I’ve been walking District 14 neighborhoods for about a month now, knocking on doors and introducing myself to residents.
Unfortunately, today I was sidelined by an occupational accident: I slammed my finger in a car door. Ouch! Thanks to the Pancake House staff for quickly finding me some ice!
I met with the leadership at Texas Scottish Rite Hospital for Children this afternoon. The hospital, which is located just outside our district, is one of the nation’s leading pediatric centers for the treatment of orthopedic conditions and learning disorders, like dyslexia. The most amazing thing is, their services are free. They are also a great community partner, rehabilitating and maintaining Reverchon Park.
A tour of the hospital really put things in perspective for me. The staff is terrific and caring; the facility is geared to be a child-centric, happy place; and the children are exceptional in the face of some of life’s most difficult challenges. Sometimes we forget how lucky we are. Seeing a child learning to use a new prosthetic arm or work an electric wheelchair after losing a leg makes life’s little irritations remarkably unimportant.
We are blessed to have such an amazing organization in our city, and I thank them for their generosity.
This evening I also attended the North Park – Love Field crime watch meeting. Concerned neighbors started the crime watch earlier this year to address the serious crime problems they’re having in the area, including drug houses, burglaries, and prostitution.
Tonight neighbors pointed out to city officials that they want a “zero tolerance” policy for code violators. Recognizing that code violations and crime go hand in hand, neighbors want to crack down on offenders and clean up the community.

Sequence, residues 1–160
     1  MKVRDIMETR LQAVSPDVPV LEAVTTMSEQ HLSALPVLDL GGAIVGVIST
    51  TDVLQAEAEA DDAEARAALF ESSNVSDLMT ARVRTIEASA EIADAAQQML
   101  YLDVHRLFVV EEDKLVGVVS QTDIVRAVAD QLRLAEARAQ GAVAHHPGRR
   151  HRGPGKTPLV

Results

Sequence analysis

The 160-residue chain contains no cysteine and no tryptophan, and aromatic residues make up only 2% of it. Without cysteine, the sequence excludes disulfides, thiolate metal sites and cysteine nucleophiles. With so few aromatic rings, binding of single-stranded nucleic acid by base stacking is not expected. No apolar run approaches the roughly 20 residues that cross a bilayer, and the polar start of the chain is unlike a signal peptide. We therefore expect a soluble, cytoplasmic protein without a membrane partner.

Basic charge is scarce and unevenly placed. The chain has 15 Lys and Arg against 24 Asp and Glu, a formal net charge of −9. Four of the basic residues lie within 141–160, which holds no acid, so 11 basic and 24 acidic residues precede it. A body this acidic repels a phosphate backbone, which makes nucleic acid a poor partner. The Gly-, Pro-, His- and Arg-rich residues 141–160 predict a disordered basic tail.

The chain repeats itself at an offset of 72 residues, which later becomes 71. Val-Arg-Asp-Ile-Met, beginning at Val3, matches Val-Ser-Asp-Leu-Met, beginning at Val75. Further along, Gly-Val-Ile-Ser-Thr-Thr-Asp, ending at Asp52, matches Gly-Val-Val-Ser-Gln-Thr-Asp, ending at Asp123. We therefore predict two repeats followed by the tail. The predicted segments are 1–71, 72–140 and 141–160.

Time and time again, crime watch programs prove that they make a real difference in reducing crime and getting neighborhoods back on track. I applaud NPLF’s efforts to make the neighborhood safer.
Tonight’s Comprehensive Plan Advisory Committee Meeting was held at the Farmers’ Market. Lead consultant John Fregonese gave an overview of how the workshops had been going. The city had held evening workshops throughout the city to get input from residents about the type of city we want to live in. So far, about 1000 people have attended. Maps developed by participants were digitized and combined to reflect areas of consensus, and these will be displayed to the public at an upcoming meeting for additional comment.
Tonight I attended my third party of the day, visiting the Greenland Hill’s holiday party in Glencoe Park. M Streets residents were treated to cookies, hot chocolate, and carriage rides around the neighborhood. St. Nick even made an appearance!
Neighbors rode around the neighborhood in horse-drawn carriages to view the Christmas lights and decoration. (Paul and I spent a good bit of time earlier this week hanging lights, with the help of our wonderful neighbor Tony and his friend Richard.)
I attended the annual Munger Place Holiday Party this evening at the home of one of my fellow attorneys at my law firm. Paul and Ginger have an incredible home, and it was decorated beautifully! This party was definitely one of the highlights of the season.
I enjoyed spending my birthday with the residents of North Park/Love Field at the Polk Recreation Center. The food was great and the company even better.